Want your next job to be a happy, successful one?

Posted on December 14th, by Dr Rob Yeung .

I was running a workshop the other day for a group of job hunters (who had all recently been made redundant). Before helping them to hone their interview skills, I presented them with the following slide:
Strengths grid

Before you jump into your job search, how about stepping back to think about what sort of job you should be doing next?

Will you be able to use your strengths?
On the bottom axis, we have the extent to which you will be able to use your strengths. When you look at a potential job, what proportion of your strengths will you be able to use on a day-to-day basis at work? Say you’re good with spreadsheets and enjoy using them. But a job won’t allow you to use spreadsheets at all – that would mean that your use of strengths for this job would be low.

If you get to use many of your strengths at work, you will feel satisfied. If you don’t get to use your strengths much, you will feel empty, bored or frustrated.

Are your skills in demand?
On the side axis, we have the extent to which a skill is either in demand (i.e. lots of employers want to pay for those skills) or not in demand. Obviously, if a skill is in demand, you will be able to make a good living out of it; if employers don’t want the skill, you won’t earn much out of it.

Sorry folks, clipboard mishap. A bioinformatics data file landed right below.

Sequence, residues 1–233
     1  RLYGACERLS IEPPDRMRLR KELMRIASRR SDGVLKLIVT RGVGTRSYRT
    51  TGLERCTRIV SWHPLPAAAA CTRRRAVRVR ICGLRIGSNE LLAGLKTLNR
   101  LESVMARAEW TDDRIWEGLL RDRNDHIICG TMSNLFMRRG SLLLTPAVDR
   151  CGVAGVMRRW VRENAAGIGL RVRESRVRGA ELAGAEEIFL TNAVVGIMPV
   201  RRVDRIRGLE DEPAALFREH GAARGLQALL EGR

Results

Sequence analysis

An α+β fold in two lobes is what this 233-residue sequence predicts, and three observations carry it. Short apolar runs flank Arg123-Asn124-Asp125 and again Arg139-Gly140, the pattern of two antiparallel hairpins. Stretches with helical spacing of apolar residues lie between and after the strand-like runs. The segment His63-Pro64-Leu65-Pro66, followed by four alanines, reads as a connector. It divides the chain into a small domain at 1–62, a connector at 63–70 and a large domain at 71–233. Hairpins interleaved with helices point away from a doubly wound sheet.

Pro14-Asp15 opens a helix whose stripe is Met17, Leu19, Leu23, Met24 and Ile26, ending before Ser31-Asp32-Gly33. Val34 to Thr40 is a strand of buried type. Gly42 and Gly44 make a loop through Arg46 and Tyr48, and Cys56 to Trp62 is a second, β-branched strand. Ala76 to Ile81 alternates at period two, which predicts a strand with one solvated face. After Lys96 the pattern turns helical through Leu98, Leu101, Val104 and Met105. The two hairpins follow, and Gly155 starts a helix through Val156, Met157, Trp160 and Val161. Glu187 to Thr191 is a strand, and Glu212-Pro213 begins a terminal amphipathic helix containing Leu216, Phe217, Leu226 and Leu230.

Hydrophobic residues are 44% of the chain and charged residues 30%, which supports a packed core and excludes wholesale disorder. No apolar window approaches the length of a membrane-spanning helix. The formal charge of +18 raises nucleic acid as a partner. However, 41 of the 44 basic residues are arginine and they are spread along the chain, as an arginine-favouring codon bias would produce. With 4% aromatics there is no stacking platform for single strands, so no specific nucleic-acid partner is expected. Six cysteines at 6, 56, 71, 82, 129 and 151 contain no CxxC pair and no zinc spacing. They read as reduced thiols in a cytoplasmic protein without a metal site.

Clearly, you want to find a job that both allows you to use your skills and is in demand from employers. That puts you in the green ‘Satisfied success’ box.

No one wants to be in the red box. But many people end up in the two yellow boxes. For example, some artists, actors and singers end up in the ‘Satisfied poverty’ box out of choice. In order to pursue their passions, they would rather be happy and poor than richer but unhappy.

Avoiding that feeling of being trapped
I think the most common box in which people find themselves is the ‘Empty success’ box, where you do something because it pays well but you don’t really want to be doing it.

So before you start looking for your next job, step back and ponder: what do you actually want to be doing next?

And if you’re not sure what your next move should be, you might want to invest in a bit of reflection: have a go at writing a vision.

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